John helped establish the New Zealand Coastal Society in 1992 and was founding chairman. John remained on the NZCS Executive Committee until 2007, with only a couple of years off the committee during that time, applying his extensive knowledge to progress the Society and overseeing the production of Coastal News. John is truly a foundation stone of the Society who was instrumental in progressing the Society to where it is today.
Indeed, when the NZCS Executive Committee put in place the requirements for Life Member in 2006, it was John who drafted those and who sought that it only apply to those persons who had retired from work. The Committee saw fit to tweak the requirements knowing that John would be a worthy recipient.
After graduating as a civil engineer from the University of Canterbury John worked as a structural engineer in Canada for several years, returning in 1974 to join and become a director of Christchurch-based Morris & Wilson. Here he specialised in coastal and ocean engineering before becoming Project Director at the Centre for Advanced Engineering at the University of Canterbury in 1989, where he has worked on risk management, waste minimisation, energy efficiency, oceans and lifelines projects. John has achieved as much in these areas as he has in the coastal engineering field.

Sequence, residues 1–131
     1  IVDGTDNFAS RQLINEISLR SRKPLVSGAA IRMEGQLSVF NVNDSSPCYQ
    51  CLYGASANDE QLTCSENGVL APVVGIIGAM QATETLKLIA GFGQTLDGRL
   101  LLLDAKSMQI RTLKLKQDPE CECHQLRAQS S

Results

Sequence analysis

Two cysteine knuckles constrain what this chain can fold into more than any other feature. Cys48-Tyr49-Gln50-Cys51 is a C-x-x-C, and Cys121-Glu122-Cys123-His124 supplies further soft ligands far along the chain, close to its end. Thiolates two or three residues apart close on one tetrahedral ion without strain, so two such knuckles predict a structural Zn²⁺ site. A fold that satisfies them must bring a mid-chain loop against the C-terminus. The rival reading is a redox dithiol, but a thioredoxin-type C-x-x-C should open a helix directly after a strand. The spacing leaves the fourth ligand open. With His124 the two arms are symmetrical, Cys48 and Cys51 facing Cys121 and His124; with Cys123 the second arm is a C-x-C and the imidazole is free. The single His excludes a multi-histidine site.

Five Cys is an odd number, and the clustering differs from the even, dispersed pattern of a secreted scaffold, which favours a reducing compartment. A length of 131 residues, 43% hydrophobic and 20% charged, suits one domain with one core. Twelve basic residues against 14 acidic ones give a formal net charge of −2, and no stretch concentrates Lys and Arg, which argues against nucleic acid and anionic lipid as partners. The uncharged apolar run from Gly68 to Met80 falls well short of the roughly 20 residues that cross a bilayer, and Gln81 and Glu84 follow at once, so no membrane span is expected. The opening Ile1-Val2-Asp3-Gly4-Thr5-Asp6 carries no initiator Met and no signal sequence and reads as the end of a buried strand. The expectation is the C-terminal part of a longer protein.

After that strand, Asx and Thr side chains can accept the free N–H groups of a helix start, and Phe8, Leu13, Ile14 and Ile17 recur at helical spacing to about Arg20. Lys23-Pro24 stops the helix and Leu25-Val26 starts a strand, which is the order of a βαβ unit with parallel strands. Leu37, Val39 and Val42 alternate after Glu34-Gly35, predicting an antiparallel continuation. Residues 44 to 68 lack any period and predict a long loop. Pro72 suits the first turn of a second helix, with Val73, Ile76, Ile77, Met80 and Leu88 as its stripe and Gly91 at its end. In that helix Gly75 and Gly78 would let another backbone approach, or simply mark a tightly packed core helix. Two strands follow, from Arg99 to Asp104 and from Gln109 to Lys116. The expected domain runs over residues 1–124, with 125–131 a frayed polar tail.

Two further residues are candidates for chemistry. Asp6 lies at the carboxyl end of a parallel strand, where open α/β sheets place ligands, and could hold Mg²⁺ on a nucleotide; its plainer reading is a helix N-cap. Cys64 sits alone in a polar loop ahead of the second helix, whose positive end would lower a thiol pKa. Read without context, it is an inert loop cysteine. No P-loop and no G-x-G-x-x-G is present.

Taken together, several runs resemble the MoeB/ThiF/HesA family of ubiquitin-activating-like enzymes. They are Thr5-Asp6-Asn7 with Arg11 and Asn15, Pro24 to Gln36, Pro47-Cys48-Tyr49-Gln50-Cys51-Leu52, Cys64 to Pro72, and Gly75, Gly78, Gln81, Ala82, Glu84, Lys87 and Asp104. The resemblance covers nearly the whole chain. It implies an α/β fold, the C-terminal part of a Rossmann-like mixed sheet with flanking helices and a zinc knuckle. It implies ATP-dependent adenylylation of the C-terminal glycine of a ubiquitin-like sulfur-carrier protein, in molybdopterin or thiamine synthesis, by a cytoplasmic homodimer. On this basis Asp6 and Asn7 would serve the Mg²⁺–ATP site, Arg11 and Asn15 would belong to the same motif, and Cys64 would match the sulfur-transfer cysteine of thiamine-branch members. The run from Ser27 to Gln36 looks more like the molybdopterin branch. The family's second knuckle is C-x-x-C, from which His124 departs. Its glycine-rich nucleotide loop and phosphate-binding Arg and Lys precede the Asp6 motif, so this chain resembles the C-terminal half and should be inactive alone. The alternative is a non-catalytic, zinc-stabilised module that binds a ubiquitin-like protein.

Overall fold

John has extended a comprehensive career in coastal engineering and resource management by establishing his own consultancy in 2004 and is far from retired just yet. However John has more recently found the time to take regular skiing holidays to Canada and to visit his children in Christchurch, Vancouver, and Perth.
John was Conference Chairman for the Pacific Coasts & Ports ’97 conference attended by some 340 delegates from around the Pacific. The conference was the combined 13th Australasian Coastal and Ocean Engineering Conference and 6th Australasian Port and Harbour Conference, held in Christchurch on 7-11 September 1997.